INCREASED ERROR-RELATED BRAIN ACTIVITY IN YOUTH WITH OBSESSIVE-COMPULSIVE DISORDER AND UNAFFECTED SIBLINGS
Article first published online: 5 DEC 2012
© 2012 Wiley Periodicals, Inc.
Depression and Anxiety
Volume 30, Issue 1, pages 39–46, January 2013
How to Cite
Carrasco, M., Harbin, S. M., Nienhuis, J. K., Fitzgerald, K. D., Gehring, W. J. and Hanna, G. L. (2013), INCREASED ERROR-RELATED BRAIN ACTIVITY IN YOUTH WITH OBSESSIVE-COMPULSIVE DISORDER AND UNAFFECTED SIBLINGS. Depress. Anxiety, 30: 39–46. doi: 10.1002/da.22035
- Issue published online: 8 JAN 2013
- Article first published online: 5 DEC 2012
- Manuscript Accepted: 9 NOV 2012
- Manuscript Revised: 29 OCT 2012
- Manuscript Received: 18 MAY 2012
- National Institute of Mental Health. Grant Numbers: R01 MH086321, F31 MH086273, K23 MH082176
- International OCD Foundation
- Dana Foundation
- National Alliance for Research on Schizophrenia and Depression Young Investigator Award
- anxiety disorder;
- error-related negativity;
- response monitoring;
- flanker task;
- medial frontal cortex;
The pathophysiology of obsessive-compulsive disorder (OCD) involves increased activity in cortico-striatal circuits connecting the anterior cingulate cortex (ACC) with other brain regions. The error-related negativity (ERN) is a negative deflection in the event-related potential following an erroneous response and is thought to reflect ACC activity. This study was done to assess the ERN as a biomarker for OCD by comparing ERN amplitudes in pediatric OCD patients, unaffected siblings of pediatric OCD patients, and healthy controls.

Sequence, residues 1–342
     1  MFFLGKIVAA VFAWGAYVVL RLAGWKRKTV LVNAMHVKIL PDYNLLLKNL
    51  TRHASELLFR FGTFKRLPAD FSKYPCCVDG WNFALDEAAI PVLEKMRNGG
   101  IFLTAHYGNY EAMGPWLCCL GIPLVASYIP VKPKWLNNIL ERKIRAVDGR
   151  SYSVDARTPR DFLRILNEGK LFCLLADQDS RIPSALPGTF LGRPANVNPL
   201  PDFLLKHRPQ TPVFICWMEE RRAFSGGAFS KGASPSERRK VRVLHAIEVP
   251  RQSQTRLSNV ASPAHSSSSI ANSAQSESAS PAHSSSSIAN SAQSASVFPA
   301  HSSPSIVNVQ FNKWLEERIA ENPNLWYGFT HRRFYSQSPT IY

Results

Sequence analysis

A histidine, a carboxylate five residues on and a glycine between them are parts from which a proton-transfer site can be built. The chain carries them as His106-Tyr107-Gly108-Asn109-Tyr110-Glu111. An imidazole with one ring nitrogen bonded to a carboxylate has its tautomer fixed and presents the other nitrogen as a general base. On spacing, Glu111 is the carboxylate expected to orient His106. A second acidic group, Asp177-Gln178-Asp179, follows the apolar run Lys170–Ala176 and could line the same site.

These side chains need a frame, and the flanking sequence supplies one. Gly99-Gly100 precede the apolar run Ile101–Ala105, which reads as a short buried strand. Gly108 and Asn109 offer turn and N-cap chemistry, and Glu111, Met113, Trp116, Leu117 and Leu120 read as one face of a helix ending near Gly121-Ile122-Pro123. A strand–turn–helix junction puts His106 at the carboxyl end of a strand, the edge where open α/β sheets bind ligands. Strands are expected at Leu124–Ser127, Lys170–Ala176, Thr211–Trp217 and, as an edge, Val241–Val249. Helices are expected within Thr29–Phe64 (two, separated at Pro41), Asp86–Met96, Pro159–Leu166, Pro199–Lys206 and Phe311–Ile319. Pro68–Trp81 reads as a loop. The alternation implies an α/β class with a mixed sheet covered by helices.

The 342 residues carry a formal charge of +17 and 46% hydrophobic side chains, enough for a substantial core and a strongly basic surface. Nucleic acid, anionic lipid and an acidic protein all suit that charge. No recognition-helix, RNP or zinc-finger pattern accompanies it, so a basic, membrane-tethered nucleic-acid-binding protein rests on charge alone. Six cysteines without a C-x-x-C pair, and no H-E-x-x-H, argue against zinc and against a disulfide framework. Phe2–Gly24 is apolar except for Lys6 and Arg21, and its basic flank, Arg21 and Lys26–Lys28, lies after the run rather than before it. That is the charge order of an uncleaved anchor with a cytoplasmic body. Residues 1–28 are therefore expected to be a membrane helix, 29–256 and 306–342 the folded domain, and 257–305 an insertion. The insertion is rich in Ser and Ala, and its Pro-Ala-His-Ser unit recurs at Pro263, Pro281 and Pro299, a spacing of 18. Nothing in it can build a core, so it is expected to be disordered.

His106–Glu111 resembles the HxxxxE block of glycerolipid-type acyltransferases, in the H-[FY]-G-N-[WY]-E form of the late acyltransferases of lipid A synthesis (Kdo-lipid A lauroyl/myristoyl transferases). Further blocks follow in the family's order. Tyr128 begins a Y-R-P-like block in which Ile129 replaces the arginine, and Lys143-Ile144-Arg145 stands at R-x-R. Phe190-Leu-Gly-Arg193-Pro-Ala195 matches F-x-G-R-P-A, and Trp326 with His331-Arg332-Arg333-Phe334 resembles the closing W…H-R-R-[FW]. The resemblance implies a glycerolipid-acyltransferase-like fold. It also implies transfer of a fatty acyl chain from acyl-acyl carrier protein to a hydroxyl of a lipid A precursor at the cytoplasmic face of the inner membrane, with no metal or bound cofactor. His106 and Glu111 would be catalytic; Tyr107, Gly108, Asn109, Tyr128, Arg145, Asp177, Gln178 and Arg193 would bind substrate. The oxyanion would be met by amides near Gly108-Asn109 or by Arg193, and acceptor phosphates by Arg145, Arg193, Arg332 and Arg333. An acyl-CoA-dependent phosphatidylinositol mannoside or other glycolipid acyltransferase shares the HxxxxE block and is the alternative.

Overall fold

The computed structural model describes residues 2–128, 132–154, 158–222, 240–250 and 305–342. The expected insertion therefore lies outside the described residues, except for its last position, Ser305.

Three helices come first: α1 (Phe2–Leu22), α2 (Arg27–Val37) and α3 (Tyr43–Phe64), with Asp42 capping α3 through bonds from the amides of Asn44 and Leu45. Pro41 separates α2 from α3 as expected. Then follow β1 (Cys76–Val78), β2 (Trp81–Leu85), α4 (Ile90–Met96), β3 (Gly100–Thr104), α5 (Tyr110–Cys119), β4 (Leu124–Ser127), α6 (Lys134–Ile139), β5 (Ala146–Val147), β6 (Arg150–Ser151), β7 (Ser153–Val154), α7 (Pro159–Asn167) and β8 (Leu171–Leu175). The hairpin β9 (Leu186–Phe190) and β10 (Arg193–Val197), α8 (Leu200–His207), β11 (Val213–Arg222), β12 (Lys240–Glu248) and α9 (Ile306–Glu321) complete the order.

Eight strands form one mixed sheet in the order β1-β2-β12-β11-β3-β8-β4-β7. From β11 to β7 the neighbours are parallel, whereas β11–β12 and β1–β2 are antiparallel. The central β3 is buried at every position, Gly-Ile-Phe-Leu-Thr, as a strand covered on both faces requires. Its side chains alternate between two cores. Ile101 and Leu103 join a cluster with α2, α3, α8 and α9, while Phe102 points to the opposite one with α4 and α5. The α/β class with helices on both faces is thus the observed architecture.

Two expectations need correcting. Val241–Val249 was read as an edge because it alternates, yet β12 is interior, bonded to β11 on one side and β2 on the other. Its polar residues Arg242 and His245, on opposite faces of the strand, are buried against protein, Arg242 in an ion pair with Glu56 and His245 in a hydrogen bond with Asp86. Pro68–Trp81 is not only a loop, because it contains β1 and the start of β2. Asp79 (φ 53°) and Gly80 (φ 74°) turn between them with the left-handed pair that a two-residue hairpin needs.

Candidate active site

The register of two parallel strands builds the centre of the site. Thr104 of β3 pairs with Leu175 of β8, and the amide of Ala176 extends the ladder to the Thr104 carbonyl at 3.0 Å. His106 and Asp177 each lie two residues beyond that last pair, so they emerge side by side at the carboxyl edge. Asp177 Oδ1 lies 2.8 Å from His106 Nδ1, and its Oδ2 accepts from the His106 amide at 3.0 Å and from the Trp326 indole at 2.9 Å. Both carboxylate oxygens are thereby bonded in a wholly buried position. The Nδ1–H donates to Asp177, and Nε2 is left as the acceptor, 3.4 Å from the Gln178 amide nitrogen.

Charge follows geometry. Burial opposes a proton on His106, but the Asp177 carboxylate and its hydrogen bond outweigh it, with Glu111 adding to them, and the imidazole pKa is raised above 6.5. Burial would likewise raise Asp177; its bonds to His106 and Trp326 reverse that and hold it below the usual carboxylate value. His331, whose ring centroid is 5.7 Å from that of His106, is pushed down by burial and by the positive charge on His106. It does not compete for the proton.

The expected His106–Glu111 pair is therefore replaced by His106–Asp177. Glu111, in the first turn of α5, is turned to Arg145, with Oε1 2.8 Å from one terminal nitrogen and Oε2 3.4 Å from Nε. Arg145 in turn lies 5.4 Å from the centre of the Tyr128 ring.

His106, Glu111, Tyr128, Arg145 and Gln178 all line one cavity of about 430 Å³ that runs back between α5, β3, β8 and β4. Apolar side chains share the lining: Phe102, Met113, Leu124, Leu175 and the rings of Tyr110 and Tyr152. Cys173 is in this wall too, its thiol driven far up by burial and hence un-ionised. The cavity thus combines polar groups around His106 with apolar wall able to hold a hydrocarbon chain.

The ERN and correct response negativity (CRN) were measured during an Eriksen flanker task to assess performance monitoring in 40 youth with a lifetime diagnosis of OCD, 19 unaffected siblings of OCD patients, and 40 unrelated healthy comparison subjects ranging in age from 10 to 17 years. ERN and CRN amplitudes were compared between groups using linear regression by the generalized estimating equation method to account for correlated data.
Compared to healthy controls, ERN amplitude was significantly increased in both pediatric OCD patients and unaffected siblings. There were no significant group differences in CRN amplitude. ERN amplitude in patients was unrelated to OCD symptom severity, current diagnostic status, or treatment effects.
Increased error-related brain potentials were observed not only in pediatric OCD patients but also in unaffected siblings. The results provide evidence that enhanced error-related brain activity may serve as a biomarker for OCD in youth that is independent of the presence of clinical symptoms. The ERN may be a useful quantitative phenotype in genetic studies of OCD.